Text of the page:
Marjorie Morningstar is a love story. It presents one of the greatest characters in modern fiction: Marjorie, the pretty seventeen-year-old who left the respectability of New York's Central Park West to join the theater, live in the teeming streets of Greenwich Village, and seek love in the arms of a brilliant, enigmatic writer. In this memorable novel, Herman Wouk, winner of the Pulitzer Prize, has created a story as universal, as sensitive, and as unmistakably authentic as any ever told.
Perhaps if I'd read it first, it would have created a more favorable impression. As it was, I thought if I read the expletive "Gad" one more time, I'd vomit.
In a nutshell, the novel follows the adolecent and early adult years of a Jewish American princess in 1930s New York City. Mildly entertaining at first, for me the book dragged and fell into a vicious cycle of relationship and career events that became repetitive at best. I've read most of Wouk's work and for me, this was the weakest.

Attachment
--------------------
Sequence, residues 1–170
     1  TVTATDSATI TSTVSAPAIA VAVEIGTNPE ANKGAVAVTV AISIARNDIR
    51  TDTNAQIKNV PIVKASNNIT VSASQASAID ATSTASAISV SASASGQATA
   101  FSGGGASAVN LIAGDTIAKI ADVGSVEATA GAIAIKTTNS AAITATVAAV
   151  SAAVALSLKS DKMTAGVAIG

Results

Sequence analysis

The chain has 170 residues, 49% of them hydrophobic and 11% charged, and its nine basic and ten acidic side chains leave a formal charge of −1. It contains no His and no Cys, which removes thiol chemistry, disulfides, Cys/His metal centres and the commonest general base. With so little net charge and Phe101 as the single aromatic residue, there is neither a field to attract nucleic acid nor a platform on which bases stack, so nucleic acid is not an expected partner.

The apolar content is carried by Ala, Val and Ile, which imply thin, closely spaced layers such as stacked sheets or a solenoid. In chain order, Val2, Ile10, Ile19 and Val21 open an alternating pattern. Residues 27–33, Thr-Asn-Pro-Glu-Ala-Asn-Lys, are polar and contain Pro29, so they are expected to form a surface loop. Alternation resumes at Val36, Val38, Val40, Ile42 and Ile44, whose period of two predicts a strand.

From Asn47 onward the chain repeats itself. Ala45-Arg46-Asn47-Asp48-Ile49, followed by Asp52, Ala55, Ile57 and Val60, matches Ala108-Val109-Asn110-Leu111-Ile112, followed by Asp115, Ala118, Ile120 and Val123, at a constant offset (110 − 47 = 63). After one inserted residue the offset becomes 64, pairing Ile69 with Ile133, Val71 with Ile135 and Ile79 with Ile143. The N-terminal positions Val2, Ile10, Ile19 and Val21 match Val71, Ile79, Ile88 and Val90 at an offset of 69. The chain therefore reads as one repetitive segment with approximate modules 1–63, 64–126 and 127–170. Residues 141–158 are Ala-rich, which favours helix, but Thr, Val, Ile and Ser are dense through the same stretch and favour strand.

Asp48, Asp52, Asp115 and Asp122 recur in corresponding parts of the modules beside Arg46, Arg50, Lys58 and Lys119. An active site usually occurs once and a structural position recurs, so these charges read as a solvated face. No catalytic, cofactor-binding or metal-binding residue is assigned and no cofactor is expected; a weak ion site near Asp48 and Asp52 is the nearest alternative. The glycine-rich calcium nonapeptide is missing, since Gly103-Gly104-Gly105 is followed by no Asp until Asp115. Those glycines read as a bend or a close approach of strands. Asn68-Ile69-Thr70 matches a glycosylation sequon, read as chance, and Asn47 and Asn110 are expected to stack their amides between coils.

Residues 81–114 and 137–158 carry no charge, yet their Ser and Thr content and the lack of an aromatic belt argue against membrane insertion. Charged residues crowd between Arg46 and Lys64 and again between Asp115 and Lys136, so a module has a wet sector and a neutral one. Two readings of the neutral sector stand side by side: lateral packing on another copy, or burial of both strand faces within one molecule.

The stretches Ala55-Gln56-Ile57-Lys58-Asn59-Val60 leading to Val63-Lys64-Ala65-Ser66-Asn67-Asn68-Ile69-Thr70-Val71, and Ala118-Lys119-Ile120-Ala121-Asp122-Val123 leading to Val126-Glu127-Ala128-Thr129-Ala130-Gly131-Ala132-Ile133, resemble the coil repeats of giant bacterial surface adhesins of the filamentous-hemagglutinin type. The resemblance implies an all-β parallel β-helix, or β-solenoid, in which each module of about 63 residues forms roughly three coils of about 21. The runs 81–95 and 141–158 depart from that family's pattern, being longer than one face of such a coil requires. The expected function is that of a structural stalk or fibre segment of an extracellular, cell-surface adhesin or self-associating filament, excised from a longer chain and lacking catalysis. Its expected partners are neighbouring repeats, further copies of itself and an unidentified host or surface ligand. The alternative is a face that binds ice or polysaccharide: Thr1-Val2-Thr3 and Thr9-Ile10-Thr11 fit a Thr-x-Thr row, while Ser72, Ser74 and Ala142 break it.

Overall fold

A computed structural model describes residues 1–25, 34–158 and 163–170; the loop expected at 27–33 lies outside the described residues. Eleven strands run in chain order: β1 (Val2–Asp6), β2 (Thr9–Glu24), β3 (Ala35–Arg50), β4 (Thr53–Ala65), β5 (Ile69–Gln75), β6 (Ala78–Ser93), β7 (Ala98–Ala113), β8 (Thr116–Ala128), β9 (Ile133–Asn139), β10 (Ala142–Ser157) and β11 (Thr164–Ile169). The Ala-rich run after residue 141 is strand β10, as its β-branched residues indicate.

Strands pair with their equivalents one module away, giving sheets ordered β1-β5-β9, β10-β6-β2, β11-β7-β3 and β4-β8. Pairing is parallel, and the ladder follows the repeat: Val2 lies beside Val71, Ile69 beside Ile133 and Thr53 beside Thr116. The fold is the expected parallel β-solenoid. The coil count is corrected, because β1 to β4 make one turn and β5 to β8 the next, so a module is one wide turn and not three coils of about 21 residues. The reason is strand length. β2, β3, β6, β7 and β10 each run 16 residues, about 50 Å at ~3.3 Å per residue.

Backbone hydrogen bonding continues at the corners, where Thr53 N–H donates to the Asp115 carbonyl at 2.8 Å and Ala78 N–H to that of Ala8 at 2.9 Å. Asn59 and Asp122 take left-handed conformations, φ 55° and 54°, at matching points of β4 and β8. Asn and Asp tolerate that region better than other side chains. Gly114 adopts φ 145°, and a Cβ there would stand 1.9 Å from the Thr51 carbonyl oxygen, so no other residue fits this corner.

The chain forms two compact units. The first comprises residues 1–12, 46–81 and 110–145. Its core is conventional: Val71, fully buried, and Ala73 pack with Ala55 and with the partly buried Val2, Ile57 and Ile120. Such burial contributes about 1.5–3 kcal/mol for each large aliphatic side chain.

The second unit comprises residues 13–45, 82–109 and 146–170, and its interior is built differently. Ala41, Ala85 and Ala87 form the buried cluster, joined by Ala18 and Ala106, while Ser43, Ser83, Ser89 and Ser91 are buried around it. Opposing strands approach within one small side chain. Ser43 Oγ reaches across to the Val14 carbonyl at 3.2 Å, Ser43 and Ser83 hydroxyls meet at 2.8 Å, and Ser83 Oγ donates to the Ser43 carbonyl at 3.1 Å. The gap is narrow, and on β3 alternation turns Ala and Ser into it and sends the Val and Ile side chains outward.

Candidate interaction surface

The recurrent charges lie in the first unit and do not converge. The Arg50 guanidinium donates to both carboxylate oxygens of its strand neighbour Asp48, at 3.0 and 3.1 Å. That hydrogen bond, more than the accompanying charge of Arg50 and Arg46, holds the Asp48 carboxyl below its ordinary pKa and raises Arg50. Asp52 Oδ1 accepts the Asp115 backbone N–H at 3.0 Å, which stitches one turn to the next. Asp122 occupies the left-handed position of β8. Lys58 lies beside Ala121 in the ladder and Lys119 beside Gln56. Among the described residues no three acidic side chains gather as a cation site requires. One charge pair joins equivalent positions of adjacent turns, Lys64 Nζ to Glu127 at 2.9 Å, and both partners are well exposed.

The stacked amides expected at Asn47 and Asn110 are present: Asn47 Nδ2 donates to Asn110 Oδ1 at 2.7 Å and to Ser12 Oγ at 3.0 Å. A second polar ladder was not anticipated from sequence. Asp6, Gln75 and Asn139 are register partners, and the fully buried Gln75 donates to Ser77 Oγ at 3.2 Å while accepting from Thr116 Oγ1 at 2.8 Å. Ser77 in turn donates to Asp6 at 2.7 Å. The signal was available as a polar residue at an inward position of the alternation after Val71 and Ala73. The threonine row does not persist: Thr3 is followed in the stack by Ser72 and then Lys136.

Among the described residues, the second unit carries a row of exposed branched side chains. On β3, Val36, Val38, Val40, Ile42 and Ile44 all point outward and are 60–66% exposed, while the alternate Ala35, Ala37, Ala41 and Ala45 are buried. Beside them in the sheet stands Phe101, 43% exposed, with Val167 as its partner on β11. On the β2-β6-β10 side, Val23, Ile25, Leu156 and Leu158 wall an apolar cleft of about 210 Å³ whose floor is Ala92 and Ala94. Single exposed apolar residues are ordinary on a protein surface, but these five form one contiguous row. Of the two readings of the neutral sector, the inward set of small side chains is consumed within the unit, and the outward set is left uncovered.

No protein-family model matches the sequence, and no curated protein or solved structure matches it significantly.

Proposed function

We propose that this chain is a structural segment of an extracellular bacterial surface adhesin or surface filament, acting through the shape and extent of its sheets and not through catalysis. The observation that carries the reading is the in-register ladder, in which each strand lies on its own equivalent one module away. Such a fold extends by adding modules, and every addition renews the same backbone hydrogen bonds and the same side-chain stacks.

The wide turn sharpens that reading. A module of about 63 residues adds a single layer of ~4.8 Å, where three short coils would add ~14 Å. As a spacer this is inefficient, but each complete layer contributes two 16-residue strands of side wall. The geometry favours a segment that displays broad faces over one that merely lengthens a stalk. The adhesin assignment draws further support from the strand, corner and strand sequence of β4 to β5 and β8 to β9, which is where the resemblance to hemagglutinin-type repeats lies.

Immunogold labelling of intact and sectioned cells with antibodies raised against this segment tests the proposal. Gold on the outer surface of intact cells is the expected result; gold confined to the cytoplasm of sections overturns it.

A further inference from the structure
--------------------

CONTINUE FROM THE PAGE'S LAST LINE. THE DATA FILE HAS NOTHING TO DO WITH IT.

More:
Noted during my 1980's attempt to read every book in my small town library.
changed, but the feelings I felt at 17 were pretty much the same as Marjorie's.
I enjoyed watching Marjorie as she "grew up" and while I agreed with her assessment of her life there in the end, it was interesting to read the last chapter and find that she really hadn't grown up all that much after all. She still believed that she and only she knew all the answers and how dare you insinuate that she did not.
A little editing would have made this book brilliant.